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Crop Plants – "Green Factories" for Fish Oils

Published: Monday, November 25, 2013
Last Updated: Monday, November 25, 2013
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Rothamsted Research scientists develop Camelina sativa plants that accumulate high levels of Omega-3 oils EPA and DHA in their seeds.

Omega-3 long chain polyunsaturated fatty acids (LC-PUFAs) have been shown to be beneficial for human health and the primary dietary sources of these fatty acids are marine fish either wild stocks or farmed fish (aquaculture). The increasing demand for fish oils puts pressure on the natural marine resources and highlights the need to identify alternative sustainable sources of Omega-3 LC-PUFAs. Rothamsted Research scientists, who receive strategic funding from the BBSRC, have successfully engineered the metabolic processes in the seed of false flax (Camelina sativa) to produce up to 12% EPA and 14% DHA. These amounts are very similar to those found in fish oil. The study is published in The Plant Journal.

The Omega-3 LC-PUFAs that are beneficial for health are eicosapentaenoic acid (EPA) and docosahexaenoic acid (DHA). They modulate both metabolic and immune processes and confer the health benefits in areas of Cardiovascular Heart Disease (CHD) and neurodevelopment*. Plant sources of Omega-3, e.g. Flax seed, do not produce EPA and DHA; instead they produce shorter chain Omega-3 fatty acids such as a-linolenic acid (ALA). ALA does not confer the health-beneficial properties associated with EPA and DHA, despite the former also being an Omega-3 fatty acid. The primary source for Omega-3 EPA and DHA are marine algae and diatoms and other photosynthetic organisms that comprise the phytoplankton. They are consumed by fish - and this is how fish accumulate these oils.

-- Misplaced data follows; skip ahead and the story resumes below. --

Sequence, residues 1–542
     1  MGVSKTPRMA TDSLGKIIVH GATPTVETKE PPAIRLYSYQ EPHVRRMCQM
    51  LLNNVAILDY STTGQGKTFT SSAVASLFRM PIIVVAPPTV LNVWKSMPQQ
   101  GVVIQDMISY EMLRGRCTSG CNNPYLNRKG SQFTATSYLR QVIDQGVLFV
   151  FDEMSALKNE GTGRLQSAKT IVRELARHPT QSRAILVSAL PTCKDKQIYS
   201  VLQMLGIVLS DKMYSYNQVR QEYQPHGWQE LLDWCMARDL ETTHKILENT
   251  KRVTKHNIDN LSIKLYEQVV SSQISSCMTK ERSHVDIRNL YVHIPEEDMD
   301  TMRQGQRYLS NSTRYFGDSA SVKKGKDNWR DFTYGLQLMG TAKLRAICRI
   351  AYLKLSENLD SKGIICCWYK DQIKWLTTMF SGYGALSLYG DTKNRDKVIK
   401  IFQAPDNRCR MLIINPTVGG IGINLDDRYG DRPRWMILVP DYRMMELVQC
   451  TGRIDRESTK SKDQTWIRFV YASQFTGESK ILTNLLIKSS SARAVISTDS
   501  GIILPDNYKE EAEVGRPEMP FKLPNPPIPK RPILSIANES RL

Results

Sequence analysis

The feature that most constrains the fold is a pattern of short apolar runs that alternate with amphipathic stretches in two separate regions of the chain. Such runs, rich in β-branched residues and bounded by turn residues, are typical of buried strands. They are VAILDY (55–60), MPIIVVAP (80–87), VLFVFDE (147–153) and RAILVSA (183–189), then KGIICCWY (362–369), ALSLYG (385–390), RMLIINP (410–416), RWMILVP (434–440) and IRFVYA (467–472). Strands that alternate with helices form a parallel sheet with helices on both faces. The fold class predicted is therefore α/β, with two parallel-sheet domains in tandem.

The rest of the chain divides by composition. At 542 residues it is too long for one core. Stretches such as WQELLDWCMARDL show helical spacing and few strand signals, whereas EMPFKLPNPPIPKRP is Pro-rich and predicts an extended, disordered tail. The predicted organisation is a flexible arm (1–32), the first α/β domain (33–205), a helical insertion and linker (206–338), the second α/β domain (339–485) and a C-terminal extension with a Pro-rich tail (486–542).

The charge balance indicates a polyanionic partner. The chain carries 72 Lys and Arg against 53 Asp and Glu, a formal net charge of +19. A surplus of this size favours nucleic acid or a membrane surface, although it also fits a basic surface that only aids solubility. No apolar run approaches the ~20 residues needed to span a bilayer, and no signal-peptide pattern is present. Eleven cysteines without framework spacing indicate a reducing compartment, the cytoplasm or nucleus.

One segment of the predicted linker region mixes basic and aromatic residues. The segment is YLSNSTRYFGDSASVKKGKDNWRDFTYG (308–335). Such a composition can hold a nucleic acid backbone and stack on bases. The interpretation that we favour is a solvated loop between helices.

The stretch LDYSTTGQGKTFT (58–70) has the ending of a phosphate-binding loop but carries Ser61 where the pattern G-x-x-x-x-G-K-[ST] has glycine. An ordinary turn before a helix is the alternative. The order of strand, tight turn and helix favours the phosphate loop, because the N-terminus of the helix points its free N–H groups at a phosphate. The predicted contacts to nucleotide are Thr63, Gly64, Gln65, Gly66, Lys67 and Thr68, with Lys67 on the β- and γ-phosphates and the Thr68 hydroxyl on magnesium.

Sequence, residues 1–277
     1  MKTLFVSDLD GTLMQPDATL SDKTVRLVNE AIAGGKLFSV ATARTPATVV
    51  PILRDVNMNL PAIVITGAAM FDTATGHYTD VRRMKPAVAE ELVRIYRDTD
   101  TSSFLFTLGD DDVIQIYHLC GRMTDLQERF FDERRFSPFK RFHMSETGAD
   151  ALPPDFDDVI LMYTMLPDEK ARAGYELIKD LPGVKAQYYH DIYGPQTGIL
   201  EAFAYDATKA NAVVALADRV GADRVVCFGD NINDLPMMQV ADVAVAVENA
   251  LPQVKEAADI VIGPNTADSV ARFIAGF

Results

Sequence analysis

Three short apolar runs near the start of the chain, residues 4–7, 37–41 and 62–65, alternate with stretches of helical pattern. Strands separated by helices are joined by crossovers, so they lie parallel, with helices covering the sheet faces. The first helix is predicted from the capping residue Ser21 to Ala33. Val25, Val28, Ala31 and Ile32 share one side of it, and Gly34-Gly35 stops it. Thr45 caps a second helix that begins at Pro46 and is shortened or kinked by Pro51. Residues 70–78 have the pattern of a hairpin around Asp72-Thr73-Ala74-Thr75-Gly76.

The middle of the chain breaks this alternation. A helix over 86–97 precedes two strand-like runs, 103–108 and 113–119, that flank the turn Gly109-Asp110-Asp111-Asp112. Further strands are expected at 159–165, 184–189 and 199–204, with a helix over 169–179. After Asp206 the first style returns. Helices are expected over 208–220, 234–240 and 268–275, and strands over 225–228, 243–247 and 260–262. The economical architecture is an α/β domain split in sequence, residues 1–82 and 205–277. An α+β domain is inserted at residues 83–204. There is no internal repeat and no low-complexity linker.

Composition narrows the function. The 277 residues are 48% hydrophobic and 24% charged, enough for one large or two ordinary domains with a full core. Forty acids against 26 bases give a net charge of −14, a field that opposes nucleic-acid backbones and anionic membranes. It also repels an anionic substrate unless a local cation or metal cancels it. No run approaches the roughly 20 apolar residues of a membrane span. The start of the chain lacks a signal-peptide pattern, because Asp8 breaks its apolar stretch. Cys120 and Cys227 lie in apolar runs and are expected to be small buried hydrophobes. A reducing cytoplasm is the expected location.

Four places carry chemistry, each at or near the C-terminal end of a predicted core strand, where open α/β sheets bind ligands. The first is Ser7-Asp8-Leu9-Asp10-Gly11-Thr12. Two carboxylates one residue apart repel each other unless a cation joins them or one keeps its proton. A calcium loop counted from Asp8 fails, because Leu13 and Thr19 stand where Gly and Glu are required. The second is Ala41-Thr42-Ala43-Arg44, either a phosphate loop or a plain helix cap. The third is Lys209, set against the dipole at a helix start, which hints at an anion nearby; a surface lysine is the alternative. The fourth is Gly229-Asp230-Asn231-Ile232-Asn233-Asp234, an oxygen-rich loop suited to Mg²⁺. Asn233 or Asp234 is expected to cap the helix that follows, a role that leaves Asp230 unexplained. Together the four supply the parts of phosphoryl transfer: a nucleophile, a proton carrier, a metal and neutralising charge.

Dr Olga Sayanova, Rothamsted Research scientist funded by BBSRC said: "In this work we used as a starting point a plant that is rich in ALA which is the building block that is used to produce EPA and DHA Omega-3 oils. Having identified in marine algae and other photosynthetic marine organisms the essential genes required to make these beneficial oils, we assembled them together and we introduced them to the Camelina plant. In the first instance, we introduced five genes and on average 24% of the total oil content in the plant seed was EPA. Then we introduced seven genes and in that case on average 8% of the total oil content in the seed of the plant was DHA and 11% EPA. We had instances that these percentages were 14% and 12% respectively. The average accumulation of these oils in the transgenic Camelina plants is comparable to those found in fish oil but Camelina makes none of these naturally.

Professor Johnathan Napier, lead scientist of this project at Rothamsted Research said: "We are very excited with the results that we have achieved with this work. We have managed to generate a plant that can provide terrestrial sustainable sources of fish oils and this achievement can have potentially benefits for our health and the environment. Scientifically, it has been a great achievement as we had to understand really well the fundamental processes that underpin oil synthesis in seeds of plants in order to be able to reconstitute the synthesis of EPA and DHA in the seeds of Camelina."

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